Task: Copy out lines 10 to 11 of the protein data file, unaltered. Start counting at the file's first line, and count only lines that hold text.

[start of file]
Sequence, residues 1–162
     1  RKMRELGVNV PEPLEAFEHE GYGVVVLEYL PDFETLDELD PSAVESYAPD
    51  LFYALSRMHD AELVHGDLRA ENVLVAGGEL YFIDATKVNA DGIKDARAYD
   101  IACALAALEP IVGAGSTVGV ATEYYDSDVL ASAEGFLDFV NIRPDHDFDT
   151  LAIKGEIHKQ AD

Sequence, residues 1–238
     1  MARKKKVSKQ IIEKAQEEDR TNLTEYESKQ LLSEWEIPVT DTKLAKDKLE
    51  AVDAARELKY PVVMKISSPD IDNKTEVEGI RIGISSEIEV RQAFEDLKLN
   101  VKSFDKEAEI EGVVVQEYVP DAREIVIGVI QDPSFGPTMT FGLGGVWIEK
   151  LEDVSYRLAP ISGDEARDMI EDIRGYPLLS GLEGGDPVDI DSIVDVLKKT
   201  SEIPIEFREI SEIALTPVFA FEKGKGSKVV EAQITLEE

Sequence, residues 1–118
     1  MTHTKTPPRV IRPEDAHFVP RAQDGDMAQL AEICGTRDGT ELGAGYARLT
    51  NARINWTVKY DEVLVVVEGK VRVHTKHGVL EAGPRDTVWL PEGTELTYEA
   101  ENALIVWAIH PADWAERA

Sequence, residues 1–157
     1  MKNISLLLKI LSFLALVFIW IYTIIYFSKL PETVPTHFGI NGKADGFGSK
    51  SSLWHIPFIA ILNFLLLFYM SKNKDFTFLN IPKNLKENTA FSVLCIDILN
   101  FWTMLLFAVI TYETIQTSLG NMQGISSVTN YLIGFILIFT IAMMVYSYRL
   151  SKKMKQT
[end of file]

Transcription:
   151  LEDVSYRLAP ISGDEARDMI EDIRGYPLLS GLEGGDPVDI DSIVDVLKKT
   201  SEIPIEFREI SEIALTPVFA FEKGKGSKVV EAQITLEE